The Webster's dictionary definition of euthanasia is "the act or practice of killing or permitting death of hopelessly sick or injured individuals in a relatively painless way for reasons of mercy." Euthanatos in the Greek literally means "easy death." We can also break down euthanasia into three different "practices":

Active Euthanasia: a physician performs the act which leads to death, such as administering a lethal dose of a drug to kill a person.

Physician Assisted Suicide: a physician provides a patient with the means to terminate their own life but does not administer it directly.

Psssive Euthanasia/Removal of Life Support: a physician, at the wishes of the patient or if the patient is unable to make a decision (such as in the case of brain death), the family, removes whatever artificial means are being employed to keep someone alive. The patient then expires 'naturally.'

In each case, the patient dies. In each case, the physician ceases to attempt to keep the patient alive. However, they are not all completely the same.

What do you think are the differences between these three methods? [In the first two death is caused by our will and actions, the last one lets death happen without our will to say it will or won't. The first two use drugs to bring death sooner. The first two seem less painful.]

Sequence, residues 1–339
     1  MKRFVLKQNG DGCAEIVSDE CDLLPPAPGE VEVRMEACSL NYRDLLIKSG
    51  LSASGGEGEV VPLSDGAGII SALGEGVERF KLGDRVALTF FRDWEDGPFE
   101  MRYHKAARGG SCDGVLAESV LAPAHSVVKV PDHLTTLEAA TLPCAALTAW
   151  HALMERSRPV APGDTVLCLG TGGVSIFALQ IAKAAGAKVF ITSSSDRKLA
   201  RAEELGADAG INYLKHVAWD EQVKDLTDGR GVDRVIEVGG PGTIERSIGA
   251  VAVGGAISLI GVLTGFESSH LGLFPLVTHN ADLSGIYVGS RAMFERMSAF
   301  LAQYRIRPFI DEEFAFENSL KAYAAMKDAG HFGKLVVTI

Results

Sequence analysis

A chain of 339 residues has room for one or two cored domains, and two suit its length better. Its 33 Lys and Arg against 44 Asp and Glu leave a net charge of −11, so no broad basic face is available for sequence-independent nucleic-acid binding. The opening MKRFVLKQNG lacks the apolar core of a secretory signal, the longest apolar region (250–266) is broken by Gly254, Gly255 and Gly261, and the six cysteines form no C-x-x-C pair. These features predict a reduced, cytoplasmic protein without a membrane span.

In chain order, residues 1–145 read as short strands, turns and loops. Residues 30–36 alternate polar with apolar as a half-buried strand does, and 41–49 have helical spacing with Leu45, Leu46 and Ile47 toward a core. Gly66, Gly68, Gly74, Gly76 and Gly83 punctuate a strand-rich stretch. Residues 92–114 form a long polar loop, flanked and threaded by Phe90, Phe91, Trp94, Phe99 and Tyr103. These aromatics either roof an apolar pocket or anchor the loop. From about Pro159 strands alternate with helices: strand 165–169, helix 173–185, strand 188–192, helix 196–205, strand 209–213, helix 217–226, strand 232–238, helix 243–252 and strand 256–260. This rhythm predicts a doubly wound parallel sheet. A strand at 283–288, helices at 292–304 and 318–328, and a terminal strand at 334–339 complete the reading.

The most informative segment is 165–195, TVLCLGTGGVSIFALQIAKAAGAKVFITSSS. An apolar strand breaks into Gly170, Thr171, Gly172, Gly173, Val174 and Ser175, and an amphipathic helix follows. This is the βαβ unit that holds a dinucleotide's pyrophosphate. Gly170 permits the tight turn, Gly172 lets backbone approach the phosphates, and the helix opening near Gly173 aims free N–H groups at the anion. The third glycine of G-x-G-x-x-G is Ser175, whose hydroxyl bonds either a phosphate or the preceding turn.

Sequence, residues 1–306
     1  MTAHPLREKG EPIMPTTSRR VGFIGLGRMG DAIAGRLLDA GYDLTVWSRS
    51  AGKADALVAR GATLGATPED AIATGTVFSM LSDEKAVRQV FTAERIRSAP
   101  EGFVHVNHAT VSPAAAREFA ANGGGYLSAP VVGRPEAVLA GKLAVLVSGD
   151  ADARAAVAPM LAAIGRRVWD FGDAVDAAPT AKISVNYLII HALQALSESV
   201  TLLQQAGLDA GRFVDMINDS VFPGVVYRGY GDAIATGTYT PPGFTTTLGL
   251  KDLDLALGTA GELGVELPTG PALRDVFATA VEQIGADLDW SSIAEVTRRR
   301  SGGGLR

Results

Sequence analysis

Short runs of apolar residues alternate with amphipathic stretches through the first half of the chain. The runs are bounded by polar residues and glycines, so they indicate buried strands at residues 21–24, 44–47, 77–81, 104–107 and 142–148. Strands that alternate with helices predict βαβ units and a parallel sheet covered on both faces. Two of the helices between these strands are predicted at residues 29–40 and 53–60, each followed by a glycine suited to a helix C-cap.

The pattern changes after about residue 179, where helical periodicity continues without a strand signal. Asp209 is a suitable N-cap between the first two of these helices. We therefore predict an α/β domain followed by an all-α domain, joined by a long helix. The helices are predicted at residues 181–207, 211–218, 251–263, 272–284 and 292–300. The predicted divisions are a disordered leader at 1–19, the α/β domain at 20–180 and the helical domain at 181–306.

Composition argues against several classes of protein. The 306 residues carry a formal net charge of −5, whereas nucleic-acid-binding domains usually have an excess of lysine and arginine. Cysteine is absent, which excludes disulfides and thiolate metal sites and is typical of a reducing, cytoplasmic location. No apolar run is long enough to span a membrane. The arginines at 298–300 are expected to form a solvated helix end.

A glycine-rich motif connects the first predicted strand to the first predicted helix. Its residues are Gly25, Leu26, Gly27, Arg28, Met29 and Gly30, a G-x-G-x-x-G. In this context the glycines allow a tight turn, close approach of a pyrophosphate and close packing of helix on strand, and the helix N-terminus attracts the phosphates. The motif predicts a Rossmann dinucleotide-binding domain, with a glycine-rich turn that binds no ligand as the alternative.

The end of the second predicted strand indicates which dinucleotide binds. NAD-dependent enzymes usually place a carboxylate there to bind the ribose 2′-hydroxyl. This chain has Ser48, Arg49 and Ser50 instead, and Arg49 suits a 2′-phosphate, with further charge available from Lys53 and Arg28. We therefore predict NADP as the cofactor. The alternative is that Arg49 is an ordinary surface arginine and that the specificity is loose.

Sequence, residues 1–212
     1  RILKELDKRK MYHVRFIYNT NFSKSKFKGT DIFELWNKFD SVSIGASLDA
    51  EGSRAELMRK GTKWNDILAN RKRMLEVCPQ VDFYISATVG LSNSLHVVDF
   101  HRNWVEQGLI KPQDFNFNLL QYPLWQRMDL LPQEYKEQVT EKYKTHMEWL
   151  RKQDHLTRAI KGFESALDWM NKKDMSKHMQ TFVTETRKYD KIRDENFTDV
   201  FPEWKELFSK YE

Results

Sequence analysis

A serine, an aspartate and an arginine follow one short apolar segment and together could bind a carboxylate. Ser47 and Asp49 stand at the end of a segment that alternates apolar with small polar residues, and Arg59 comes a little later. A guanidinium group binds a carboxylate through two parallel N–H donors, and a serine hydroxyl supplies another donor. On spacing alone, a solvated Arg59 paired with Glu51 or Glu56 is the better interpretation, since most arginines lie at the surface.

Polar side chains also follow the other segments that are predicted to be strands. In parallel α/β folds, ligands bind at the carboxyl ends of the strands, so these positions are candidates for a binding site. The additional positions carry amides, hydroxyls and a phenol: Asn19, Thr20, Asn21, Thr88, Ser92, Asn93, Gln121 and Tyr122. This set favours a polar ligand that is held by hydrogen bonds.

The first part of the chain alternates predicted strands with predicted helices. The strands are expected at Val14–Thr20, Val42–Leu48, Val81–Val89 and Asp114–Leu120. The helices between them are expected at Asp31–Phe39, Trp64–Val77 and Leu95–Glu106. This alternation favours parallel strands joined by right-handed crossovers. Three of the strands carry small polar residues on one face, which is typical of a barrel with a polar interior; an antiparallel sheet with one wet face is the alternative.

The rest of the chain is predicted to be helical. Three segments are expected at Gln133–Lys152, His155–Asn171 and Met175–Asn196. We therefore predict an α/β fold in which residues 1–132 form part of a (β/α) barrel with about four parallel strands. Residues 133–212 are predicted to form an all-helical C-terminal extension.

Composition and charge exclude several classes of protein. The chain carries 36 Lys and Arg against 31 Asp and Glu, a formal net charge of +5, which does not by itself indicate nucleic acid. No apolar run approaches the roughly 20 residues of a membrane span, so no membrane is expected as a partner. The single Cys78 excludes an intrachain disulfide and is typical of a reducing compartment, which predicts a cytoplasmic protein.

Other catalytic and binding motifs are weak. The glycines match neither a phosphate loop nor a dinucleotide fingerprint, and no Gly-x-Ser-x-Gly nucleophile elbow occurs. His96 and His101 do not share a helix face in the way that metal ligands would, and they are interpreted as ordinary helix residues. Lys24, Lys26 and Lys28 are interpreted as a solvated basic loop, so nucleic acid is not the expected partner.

Which of these do you think is acceptable and which are unacceptable ways of dealing with suffering and death? Why? [Removal of Life Support can be acceptable-- when we accept to be humble and accept death and do not try to play 'God' with our medicine by forcing a body to live. However, it is still questionable in practice — some physicians might suggest removal of life support even when there is a chance for survival after a period of healing, in order to cut down on medical costs.]

It is very easy for us to make quick judgments about what is morally superior. Many of those who choose Euthanasia and suicide as a way out of suffering are guided by an experience of suffering and pain that most of us will hopefully never know. Unlike the 40 Martyrs, most of them have to face that pain alone. We need to be compassionate always to their suffering. After all, we pray for a painless and blameless death at each liturgy.

But there is something very important missing from someone when they make the decision to commit (Voluntary) Euthanasia or Assisted suicide. What do you think that could be? [Hope in God's mercy, humility to accept death in the way it comes, trust in Christ's Resurrection.]

The Bible tells us in many ways and many places what we should do in the face of death and suffering. It was on this basis that the Forty Martyrs could put Christ before whatever sufferings they might encounter. Ask each group to look up one of the pairs of Scripture passages used in the service of Holy Unction. Each group should have the passage corresponding to one of the seven priests, including an epistle and a Gospel. Give each group their pair of readings individually from the following list.